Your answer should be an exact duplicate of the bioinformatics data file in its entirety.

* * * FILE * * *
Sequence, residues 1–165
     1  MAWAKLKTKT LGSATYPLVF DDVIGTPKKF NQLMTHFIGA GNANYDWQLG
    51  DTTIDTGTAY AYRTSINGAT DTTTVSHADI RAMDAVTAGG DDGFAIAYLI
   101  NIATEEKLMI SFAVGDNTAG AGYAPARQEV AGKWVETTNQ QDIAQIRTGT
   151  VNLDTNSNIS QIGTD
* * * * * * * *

Sequence, residues 1–165
     1  MAWAKLKTKT LGSATYPLVF DDVIGTPKKF NQLMTHFIGA GNANYDWQLG
    51  DTTIDTGTAY AYRTSINGAT DTTTVSHADI RAMDAVTAGG DDGFAIAYLI
   101  NIATEEKLMI SFAVGDNTAG AGYAPARQEV AGKWVETTNQ QDIAQIRTGT
   151  VNLDTNSNIS QIGTD